ArticlesEnglish Articles

The Implications Of Race In Contemporary ‘Securitization Of Migration’

Abstract: The mass-fleeing of people from Ukraine and several other recent incidents suggests that not every migrant or refugee was treated with the same dignity. There are stark differences in the approach of immigration officials and border security forces towards People of Color (POCs) when compared to their Caucasian or white counterparts. These incidents demand that the discussion around the implications of race in contemporary ‘securitization of migration’ be revisited. There is a need to understand how race made its way into the migration security concept and critically view how the real causes behind the migration patterns are overshadowed by the pictures painted by news channels and politicians. These sentiments fall in line with the implications of terrorist attacks, rising islamophobia, and ways forward in envisioning harmony, despite cultural nuances.

Problem statement: How relevant is race in contemporary ‘migration security’?

Bottom-line-up-front: Race implicitly continues to be a decisive factor in who should enter and exit a given nation. The politics of fear and othering of migrants of color has created several ramifications that are apparent in today’s immigration policies. The current migration ecosystem stands to benefit from greater attention and research on the impacts of this ‘New racism’ and how we, as a society, can counter it.

So what?: Ongoing policies like the EU’s ‘Anti-Racism Action Plan’ proactively exist, but simultaneously, other policies that clash with the goals of the former persist. There is a need for improved attention to the usage of racially blind/charged language by reporters in the media, and nations could come together to create more legal channels of migration for POC. Further, it is necessary to study the causes of migration and create a culture of tolerance and acceptance towards everyone. For example, this could mean creating an inclusive language guide for media, supporting R&D for better migration data, and tracking and investing in migrant integration.

Migrants walk towards the Turkey's Pazarkule border crossing with Greece's Kastanies, in Edirne, Turkey March 1, 2020.

Source: shutterstock.com/Lumiereist

Differential Treatment of Migrants

The recent Russia-Ukraine conflict has resulted in the mass displacement of Ukrainian people to other parts of Europe. When Europe opened its doors to refugees from Ukraine, POCs faced stark differences in how the border forces treated them. On multiple accounts, several African, middle eastern, and Asian students reported how security officers assaulted and halted them from boarding buses. At the same time, European policymakers made radical shifts in their anti-immigration stances to welcome the “white” refugees from Ukraine as they, claimed by many reporters, are “civilized” like “any European family.”[1] For example, the United Kingdom’s ‘Nationality and borders’ bill (often dubbed as anti-refugee) which according to Oxfam, “rips up internationally recognized rights for people fleeing war and persecution and will criminalize thousands of refugees.”[2] On the other hand, Ukrainian nationals were welcomed by the ‘Homes for Ukraine’ Scheme, despite Ukraine was not the only country that experienced a conflict during that time. For example, South Sudan was doubly affected by an armed conflict, a massive flood, and their ongoing war in Syria, creating thousands of refugees every day. This racially biased treatment is not limited to refugees who arrive in rickety boats and other illegal means. It is also comprised of suspicious looks that persons of color receive from immigration officers at facilities like airports. These issues point to a need for a rekindling of the racial discourse around the ‘securitization of migration.’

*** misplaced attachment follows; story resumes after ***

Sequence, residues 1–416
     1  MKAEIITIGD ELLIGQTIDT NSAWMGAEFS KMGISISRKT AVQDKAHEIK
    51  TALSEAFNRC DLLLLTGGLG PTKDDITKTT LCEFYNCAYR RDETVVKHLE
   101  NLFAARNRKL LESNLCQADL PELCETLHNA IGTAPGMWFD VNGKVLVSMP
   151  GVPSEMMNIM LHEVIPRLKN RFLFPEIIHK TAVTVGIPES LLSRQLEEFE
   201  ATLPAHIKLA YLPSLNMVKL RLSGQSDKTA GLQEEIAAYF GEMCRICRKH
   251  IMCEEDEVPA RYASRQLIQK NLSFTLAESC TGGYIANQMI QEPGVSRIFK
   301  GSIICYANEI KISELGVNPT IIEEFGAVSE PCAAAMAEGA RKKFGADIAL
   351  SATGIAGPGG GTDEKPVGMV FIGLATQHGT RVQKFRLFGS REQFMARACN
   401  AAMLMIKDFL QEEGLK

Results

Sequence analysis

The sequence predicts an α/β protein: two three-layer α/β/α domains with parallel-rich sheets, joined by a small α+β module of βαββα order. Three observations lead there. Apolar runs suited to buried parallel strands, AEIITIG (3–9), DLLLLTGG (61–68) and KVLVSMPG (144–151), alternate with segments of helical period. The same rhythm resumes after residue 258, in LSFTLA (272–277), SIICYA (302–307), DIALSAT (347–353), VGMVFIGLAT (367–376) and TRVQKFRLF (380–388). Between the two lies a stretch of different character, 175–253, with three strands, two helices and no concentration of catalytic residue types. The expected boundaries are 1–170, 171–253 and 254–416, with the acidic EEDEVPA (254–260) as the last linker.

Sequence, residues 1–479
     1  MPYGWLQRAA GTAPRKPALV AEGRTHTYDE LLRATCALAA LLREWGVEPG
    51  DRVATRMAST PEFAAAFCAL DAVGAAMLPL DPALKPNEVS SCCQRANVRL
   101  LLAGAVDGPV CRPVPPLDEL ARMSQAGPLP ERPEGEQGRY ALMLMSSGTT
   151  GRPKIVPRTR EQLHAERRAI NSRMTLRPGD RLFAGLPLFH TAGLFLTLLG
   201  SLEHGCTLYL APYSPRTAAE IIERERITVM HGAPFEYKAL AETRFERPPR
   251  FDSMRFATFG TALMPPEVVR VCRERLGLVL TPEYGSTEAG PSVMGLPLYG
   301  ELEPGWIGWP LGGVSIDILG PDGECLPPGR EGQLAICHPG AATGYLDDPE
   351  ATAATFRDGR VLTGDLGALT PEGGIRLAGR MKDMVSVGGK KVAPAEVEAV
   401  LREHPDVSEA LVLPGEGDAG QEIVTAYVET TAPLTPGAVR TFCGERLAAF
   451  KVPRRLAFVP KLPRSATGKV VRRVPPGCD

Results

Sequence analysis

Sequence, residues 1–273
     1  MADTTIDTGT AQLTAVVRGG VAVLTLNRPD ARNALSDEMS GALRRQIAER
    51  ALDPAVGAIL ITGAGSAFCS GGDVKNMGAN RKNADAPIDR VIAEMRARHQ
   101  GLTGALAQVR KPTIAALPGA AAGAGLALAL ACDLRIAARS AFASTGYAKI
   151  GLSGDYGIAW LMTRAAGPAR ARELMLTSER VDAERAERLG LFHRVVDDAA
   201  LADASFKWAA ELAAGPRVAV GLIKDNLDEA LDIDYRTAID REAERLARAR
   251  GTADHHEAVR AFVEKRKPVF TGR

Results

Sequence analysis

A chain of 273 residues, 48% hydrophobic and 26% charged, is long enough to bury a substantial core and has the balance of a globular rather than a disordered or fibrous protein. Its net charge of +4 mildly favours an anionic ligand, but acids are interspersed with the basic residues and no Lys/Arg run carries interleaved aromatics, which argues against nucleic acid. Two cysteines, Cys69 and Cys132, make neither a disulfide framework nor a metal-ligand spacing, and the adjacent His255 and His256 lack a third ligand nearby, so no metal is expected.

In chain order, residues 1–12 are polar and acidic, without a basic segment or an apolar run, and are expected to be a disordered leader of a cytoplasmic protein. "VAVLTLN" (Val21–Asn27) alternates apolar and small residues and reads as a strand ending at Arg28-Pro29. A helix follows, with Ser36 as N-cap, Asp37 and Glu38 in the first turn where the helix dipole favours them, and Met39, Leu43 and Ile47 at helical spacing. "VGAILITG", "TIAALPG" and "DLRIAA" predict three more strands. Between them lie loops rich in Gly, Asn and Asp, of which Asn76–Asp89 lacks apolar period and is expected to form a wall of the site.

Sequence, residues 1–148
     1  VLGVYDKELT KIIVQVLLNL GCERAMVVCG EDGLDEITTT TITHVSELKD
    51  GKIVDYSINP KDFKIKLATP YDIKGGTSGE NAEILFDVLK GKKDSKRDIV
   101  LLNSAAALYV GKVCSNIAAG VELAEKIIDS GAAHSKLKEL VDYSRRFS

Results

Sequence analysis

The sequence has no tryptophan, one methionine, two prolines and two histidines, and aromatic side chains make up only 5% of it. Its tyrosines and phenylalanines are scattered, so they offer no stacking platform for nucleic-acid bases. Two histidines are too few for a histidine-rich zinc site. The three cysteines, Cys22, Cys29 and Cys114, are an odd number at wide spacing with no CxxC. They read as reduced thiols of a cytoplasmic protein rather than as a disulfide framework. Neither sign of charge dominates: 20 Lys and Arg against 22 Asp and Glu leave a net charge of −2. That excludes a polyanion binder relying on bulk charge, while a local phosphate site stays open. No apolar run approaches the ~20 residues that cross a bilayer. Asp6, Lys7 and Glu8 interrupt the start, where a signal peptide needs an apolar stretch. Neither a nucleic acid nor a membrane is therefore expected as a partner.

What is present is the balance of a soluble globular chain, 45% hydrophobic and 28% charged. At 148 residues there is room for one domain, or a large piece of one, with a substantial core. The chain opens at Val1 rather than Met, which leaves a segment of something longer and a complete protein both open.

On multiple accounts, several African, middle eastern, and Asian students reported how security officers assaulted and halted them from boarding buses.

Migration As a Security Concern

Migration was not always related to a security concern. It was particularly after the 9/11 World Trade Centre attack in the USA when ‘migration as a threat’ was no longer limited to academic circles. Post 9/11, most western states’ security infrastructure went beyond military strength to intense surveillance of immigrants that went beyond document checks to racial and religious profiling. The discourse around the ‘securitization of migration’ soon emerged as “a political technique of framing policy questions in logics of survival with a capacity to mobilize politics of fear in which social relations are structured based on distrust.”[3] In no time, blaming migrants infamously turned to a governance strategy to enhance political legitimacy and improve public support.[4] Moreover, restrictive European policies leave little room for safe and legal migration channels. It is to be noted that said focus on perceiving migration as a threat has resulted in a blind eye turned towards pressing issues like global inequality, conflict displacement, and climate change. The latter issues have escalated to the extent that several western nations are considered saviors through their accommodation of refugees; at the expense of their national security. Such a mindset based on racial differences, and non-adaptive thinking gives way to adopting dehumanizing practices like imprisonment and police brutality while dealing with refugees.[5]

In no time, blaming migrants infamously turned to a governance strategy to enhance political legitimacy and improve public support.